Labelas’ plan? Use the Realms Master, which can fly between dimensions, as a literal battering ram to kill Helm, who guards the gates of heaven, and smash back his way to his home.
The crew manages to banish Labelas, but are unable to prevent Helm from striking their ship down, stranding them in the desert on the mortal plane. Minder was shattered by Labelas, and this leads to one of the most haunting end pages of a comic that I can recall.
The crew are utterly broken in mind and body, and things in fact get worse when they are rescued by human-eating were-cats. Fighting to survive brings them all a bit back to themselves, though Ishi ends up being the star of this four-part story.
Every character gets their chance to shine, and reveal their secrets a little. I’ve mentioned Agrivar’s alcohol addiction, but we also learn that Omen is dying of an incurable disease and that Foxilon is a former addict of a halfling drug. Minder is a former dwarven companion of Omen who suffered a fatal wound in an adventure, and Omen transferred her soul to a nearby iron golem.
The Forgotten Realms comic was used in turn as a launching point for the Spelljammer comic, introducing early on the winged rogue Jasmine, who would join the Spelljammer crew.
There seems to have been a lot of ambitious planning for the D&D comics, but alas they would not last. It’s not clear what happened, but I’m guessing they simply weren’t popular enough for DC to maintain the license.
The Realms comic managed to end in a touching and satisfying way. During a wake for their destroyed ship, Vartan is approached again by Labelas, now a full god again and restored to sanity.
He wishes to make amends, but Vartan refuses to even acknowledge him unless he grants wishes to each member of the crew, as he has wronged all of them. Labelas reluctantly agrees, only to find that almost nobody will take the easy divine solution to their problems.
But the fact that Labelas even tried suggests to Vartan that Labelas has learned a bit about compassion for mortals, and though their relationship is not healed, they part for the moment on more amiable terms.
I had a lot of fun reading the D&D comics again! They weren’t perfect, but they had some standout moments that have stuck with me through the years. (Minder’s head begging for help in the desert, yikes.)
The Complete Book of Humanoids, by Bill Slavicsek (1993). Time for another one of the 2nd edition character expansion books, and this one was groundbreaking!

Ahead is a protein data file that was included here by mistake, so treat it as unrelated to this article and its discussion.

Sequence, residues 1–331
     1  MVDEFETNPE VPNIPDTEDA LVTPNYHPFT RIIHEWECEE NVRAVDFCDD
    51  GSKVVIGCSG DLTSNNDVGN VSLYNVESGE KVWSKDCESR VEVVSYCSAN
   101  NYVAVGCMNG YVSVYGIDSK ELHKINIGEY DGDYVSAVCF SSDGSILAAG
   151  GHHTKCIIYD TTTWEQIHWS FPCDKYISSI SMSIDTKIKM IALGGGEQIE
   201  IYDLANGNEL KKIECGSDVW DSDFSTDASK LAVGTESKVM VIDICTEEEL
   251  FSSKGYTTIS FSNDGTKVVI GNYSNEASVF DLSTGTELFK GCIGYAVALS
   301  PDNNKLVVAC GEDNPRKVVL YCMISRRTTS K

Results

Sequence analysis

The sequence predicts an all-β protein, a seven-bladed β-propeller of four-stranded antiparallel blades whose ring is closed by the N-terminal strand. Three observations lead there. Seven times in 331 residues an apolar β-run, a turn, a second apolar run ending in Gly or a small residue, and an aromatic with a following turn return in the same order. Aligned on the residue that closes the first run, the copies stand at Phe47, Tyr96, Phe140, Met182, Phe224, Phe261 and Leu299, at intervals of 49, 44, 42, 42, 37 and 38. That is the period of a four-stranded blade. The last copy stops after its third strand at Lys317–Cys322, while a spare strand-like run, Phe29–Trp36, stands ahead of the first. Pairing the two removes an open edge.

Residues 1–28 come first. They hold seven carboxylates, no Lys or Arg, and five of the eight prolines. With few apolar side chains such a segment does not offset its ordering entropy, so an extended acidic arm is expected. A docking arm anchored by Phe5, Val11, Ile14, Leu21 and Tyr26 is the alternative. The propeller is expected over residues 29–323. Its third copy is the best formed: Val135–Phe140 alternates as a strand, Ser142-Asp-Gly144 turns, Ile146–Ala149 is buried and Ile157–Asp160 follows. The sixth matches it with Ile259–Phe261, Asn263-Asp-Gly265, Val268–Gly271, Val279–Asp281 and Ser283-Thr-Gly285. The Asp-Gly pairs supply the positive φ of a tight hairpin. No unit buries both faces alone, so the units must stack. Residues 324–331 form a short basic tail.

It is also a bit timely, as Wizards of the Coast recently released Monsters of the Multiverse, which provides a significant expansion of the number of playable character races!
(The Monsters of the Multiverse cover is inspired by the 1987 cover of Manual of the Planes, but that’s another story.)
The Book of Humanoids was the first major supplement to allow AD&D players to play something other than one of the ‘big five’ races: human, elf, dwarf, halfling, half-orc. It recognized that these creatures are not necessarily one-dimensional villains.
(Presumably there were Dragon magazine articles that allowed playing monsters, but it wasn’t an “official” rules supplement.)
The variety in the BoH is quite impressive, ranging from familiar enemies like Bugbears and Gnolls to more exotic options like Centaurs and Ogre mages.
One striking option is the Wemic, which is basically a lion centaur. This color image is one of the impressive full-color pages in the book.
A stranger option is the Swanmay, which is basically a seemingly ordinary human who can turn into a swan!
Bringing humanoids into a campaign could be a challenge, since most are considered adversaries. The book provides a number of scenarios where a regular party could incorporate a humanoid, such as the party saving the humanoid, or vice-versa.
One particularly challenging choice is the Mongrelman, essentially a cursed hybrid of a bunch of other races and species. This race is guaranteed to run into a lot of trouble trying to hang out in demihuman society.
The BoH also includes special character kits for humanoids, such as the Mine Rowdy, who specializes in underground combat.
The Complete Book of Humanoids seemed like a pretty big deal at the time, and it was — it was the first step for D&D to become more creative, more complex, and even more sympathetic!
The Avatar series (1989), by various authors. This one is a biggie: a massive multi-adventure campaign that had tie ins to books and comics (mentioned earlier)! No, this isn’t about the blue aliens, or the boy who can control the elements. The Avatar trilogy was created to answer a question that most people didn’t ask: how to explain the transition from first edition AD&D to second edition?
The answer? An epic storyline that would shake up the pantheon of gods, change the rules of magic, and transform the existing character classes. And this epic trilogy was given the names… of towns in the Forgotten Realms: Shadowdale, Tantras, and Waterdeep.